HOMEWORK NO:1

CAP301: Database Management System

SUBMITTED TO: RITU RAI

SUBMITTED BY:SURENDRA MCA 3nd SEM ROLL NO- D3804A15 REGD NO- 10806601

Part A Q 1:->Discuss the problems that are caused by data redundancies? Can data redundancies be completely eliminated when the database approach is used? Why or why not? ANSWER: The same piece of information may be stored in two or more files. For example – the particular of an individual who may be a customer or an employee may be stored in two or more files. Some of these information may be changing., such as the address, the pay drawn, etc. it is therefore quite possible that while the address in the master file for one application has been updated the address in the master file for one application has been updated the address in the master file for another application may have not been. It may not also be easy for the computer based system to even find out as to in how many files the repeating items such as the address if occurring.

The solution there for is to avoid this data redundancy and the keeping of multiple copies of the same information and replace it by a system where the address is stored at just one place physically, and is accessible to all applications from this itself. Reduction of Redundancies: centralized control of data by the DBA avoids unnecessary duplication of data and effectively reduce the total amount of data in a large mass of data. Another advantage of avoiding duplication is the elimination of the inconsistencies that tend to be present in redundant data files. Any redundancies that exist in the DBMS are controlled and system ensures that these multiple copies are consistent. Q 2 :-> why is data important to an enterprise? How does an enterprise that has better control of its data have competitive edge over other organizations? What are the various areas and benefits where the DBMS can be use? ANSWER: The same piece of information may be stored in two or more files. For example – the particular of an individual who may be a customer or an employee may be stored in two or more files. Some of these information may be changing., such as the address, the pay drawn, etc. it is therefore quite possible that while the address in the master file for one application has been updated the address in the master file for one application has been updated the address in the master file for another application may have not been. It may not also be easy for the computer based system to even find out as to in how many files the repeating items such as the address if occurring. The solution there for is to avoid this data redundancy and the keeping of multiple copies of the same information and replace it by a system where the address is stored at just one place physically, and is accessible to all applications from this itself. Reduction of Redundancies: centralized control of data by the DBA avoids unnecessary duplication of data and effectively reduce the total amount of data in a large mass of data. Another advantage of avoiding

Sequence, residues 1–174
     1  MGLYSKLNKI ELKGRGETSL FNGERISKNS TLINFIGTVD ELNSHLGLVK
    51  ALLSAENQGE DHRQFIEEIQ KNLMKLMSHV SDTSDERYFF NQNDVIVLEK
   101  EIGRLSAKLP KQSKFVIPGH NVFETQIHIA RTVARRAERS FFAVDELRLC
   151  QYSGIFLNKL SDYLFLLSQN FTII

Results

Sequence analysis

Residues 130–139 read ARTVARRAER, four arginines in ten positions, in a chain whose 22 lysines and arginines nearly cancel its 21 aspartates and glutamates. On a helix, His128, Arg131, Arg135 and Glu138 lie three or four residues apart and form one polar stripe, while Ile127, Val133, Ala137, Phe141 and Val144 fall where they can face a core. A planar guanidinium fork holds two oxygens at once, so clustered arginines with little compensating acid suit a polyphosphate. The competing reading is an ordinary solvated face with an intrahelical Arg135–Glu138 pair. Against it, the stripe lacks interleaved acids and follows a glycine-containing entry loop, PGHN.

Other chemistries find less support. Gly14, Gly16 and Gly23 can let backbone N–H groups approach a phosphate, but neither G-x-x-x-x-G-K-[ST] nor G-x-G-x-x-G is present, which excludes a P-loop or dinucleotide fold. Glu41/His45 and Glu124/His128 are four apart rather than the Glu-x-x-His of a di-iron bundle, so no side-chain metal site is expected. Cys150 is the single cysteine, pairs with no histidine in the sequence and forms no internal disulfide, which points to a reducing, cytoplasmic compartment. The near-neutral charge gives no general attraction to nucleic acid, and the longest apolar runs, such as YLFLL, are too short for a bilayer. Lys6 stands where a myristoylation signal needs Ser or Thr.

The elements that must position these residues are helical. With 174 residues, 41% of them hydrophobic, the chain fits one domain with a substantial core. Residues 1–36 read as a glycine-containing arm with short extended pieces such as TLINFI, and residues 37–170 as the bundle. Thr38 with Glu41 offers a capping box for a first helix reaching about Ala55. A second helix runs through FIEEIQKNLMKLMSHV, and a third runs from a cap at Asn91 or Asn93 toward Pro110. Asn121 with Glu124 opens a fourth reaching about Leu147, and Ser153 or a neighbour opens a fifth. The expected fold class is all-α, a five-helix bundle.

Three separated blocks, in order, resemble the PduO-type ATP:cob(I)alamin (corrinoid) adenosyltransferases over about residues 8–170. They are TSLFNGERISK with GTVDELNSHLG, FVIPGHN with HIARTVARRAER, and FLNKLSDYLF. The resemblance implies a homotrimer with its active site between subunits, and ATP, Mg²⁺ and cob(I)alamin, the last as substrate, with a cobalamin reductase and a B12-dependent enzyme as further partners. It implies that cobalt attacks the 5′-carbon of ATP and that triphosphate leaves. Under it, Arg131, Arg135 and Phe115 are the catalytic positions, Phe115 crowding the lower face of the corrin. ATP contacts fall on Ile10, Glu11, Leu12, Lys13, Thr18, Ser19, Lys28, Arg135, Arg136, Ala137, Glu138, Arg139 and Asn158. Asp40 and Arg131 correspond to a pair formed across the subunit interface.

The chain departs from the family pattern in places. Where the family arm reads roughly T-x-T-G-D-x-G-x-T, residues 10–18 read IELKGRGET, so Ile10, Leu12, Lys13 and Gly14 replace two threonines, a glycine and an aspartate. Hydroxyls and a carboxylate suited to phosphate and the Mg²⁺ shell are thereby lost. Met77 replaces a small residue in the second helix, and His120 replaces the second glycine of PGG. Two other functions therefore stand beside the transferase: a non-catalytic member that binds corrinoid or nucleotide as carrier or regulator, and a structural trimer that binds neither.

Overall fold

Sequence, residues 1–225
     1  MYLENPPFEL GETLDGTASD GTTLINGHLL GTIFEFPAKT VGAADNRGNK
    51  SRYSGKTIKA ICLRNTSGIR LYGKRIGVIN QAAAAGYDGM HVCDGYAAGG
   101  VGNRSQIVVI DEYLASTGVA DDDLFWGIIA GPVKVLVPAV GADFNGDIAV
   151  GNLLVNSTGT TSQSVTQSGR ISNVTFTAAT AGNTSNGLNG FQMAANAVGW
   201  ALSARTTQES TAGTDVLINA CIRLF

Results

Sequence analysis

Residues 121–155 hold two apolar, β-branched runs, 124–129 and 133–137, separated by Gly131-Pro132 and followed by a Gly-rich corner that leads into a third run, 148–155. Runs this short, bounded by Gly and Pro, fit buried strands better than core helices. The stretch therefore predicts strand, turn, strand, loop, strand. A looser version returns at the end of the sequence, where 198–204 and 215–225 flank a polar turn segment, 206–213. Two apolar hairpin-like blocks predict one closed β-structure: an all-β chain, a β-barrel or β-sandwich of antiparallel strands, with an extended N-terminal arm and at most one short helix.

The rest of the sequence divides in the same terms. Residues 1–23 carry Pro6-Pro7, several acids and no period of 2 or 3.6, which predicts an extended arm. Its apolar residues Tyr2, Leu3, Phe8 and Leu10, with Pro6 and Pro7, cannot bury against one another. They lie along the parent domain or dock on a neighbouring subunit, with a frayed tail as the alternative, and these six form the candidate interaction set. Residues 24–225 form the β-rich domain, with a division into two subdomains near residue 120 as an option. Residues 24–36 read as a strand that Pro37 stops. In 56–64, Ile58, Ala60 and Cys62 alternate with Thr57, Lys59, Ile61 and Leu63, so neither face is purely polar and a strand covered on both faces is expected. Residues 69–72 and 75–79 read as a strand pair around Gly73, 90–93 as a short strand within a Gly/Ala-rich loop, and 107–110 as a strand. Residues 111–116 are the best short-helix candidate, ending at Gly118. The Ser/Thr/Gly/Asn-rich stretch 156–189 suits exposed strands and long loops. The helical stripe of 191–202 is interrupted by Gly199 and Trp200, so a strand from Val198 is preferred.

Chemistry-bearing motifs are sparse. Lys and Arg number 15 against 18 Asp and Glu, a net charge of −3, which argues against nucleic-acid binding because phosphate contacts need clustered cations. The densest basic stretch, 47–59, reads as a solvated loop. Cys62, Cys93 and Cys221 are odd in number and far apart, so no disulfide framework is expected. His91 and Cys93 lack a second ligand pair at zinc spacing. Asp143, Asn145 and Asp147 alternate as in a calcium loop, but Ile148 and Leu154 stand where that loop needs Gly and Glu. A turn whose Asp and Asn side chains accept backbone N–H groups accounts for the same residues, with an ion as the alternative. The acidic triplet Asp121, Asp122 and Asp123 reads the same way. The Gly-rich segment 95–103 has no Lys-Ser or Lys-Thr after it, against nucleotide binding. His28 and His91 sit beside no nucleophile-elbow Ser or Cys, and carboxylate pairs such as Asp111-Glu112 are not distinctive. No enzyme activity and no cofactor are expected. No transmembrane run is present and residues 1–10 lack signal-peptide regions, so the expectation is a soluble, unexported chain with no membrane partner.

duplication is the elimination of the inconsistencies that tend to be present in redundant data files. Any redundancies that exist in the DBMS are controlled and system ensures that these multiple copies are consistent.

There are several reasons for spending money, time, and effort on data protection. The primary one is minimizing financial loss, followed by compliance with regulatory requirements, maintaining high levels of productivity, and meeting customer expectations. As computers have become more and more integral to business operations, data requirements from regulators such as the U.S. Securities and Exchange Commission (SEC), as well as from customers, have been imposed on businesses. The single most important reason to implement data protection strategies is fear of financial loss. Data is recognized as an important corporate asset that needs to be safeguarded. Loss of information can lead to direct financial losses, such as lost sales, fines, or monetary judgments. It can also cause indirect losses from the effects of a drop in investor confidence or customers fleeing to competitors. Another important business driver for data protection is the recent spate of regulations. Governments throughout the world have begun imposing new regulations on electronic communications and stored data. Businesses face dire consequences for noncompliance. Some countries hold company executives criminally liable for failure to comply with laws regarding electronic communications and documents.